The U.S. economy has posted strong productivity gains, a boon to corporate profit margins but less than encouraging news for Americans looking for work.
The Labor Department reports productivity rose at an annual rate of 6.8 percent in the second quarter of this year, more than triple the rate registered in the first quarter and far ahead of many economists' expectations.
Productivity is defined as the amount of goods or services an worker generates in an hour. Gains in productivity allow companies to boost output while constraining labor costs, getting more with less.
In this case, production rose at an annual rate of more than 4 percent, while, on average, American businesses cut the number of hours worked by more than 2 percent. Laborers were paid more for the hours they did work, however, as wages rose at a 3.2 percent rate for the second quarter.
Productivity gains allow companies to raise their employees' wages and salaries without eroding profit margins or hiking prices of goods and services. Such gains are associated with higher living standards for the workforce, lowered inflationary pressures, improved competitiveness for U.S. products and, in the long-term, a more robust U.S. economy.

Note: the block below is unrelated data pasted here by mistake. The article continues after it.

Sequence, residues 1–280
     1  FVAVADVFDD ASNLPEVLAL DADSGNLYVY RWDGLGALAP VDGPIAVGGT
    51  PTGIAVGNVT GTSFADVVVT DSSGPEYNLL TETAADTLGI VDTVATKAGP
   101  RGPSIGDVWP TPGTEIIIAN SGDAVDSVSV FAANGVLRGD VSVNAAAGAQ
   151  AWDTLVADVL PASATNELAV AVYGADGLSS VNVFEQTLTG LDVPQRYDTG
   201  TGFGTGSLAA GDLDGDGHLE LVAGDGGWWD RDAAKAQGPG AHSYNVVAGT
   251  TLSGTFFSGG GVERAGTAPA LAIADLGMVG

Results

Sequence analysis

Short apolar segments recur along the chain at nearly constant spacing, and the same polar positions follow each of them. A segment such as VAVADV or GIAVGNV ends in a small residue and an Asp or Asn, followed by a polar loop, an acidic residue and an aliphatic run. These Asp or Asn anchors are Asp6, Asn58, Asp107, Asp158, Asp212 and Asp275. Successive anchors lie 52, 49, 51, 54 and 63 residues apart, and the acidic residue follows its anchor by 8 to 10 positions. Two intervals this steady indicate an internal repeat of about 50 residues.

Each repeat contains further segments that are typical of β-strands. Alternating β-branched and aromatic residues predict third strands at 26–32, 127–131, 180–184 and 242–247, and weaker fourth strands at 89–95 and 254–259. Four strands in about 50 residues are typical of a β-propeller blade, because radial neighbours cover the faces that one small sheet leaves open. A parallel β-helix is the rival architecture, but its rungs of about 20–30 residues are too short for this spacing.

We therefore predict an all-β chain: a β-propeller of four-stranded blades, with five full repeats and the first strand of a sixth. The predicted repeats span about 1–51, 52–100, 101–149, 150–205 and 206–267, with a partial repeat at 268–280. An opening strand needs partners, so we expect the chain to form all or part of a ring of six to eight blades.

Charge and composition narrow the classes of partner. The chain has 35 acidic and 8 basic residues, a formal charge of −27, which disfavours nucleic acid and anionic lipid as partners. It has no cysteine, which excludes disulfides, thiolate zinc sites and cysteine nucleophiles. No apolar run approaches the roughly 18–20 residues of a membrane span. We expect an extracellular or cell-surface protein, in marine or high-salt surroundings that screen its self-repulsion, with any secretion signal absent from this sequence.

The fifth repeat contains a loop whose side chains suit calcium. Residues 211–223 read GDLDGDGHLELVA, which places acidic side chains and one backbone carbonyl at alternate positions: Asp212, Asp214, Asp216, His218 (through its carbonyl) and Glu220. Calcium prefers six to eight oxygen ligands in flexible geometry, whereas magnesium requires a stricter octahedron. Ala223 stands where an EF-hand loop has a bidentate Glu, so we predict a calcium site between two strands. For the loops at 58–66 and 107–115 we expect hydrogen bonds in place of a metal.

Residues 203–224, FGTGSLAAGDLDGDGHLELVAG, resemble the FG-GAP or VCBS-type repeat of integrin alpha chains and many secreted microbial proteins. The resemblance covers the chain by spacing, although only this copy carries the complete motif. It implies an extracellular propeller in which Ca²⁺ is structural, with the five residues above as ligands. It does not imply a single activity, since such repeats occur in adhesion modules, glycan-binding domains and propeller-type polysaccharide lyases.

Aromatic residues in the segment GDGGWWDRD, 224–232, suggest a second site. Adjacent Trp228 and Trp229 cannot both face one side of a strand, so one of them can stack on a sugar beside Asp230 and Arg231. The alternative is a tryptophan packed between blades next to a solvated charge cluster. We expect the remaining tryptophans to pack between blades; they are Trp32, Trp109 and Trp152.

Gains in productivity are not, however, associated with short-term improvements in the job market. While releasing productivity figures, the Labor Department also reported that new applications for jobless benefits jumped by 15,000 to a total of 413,000 for the workweek ending August 30th, the highest level in nearly two months.
Economists generally view jobless claims above the 400,000 level as a sign of a weak labor market.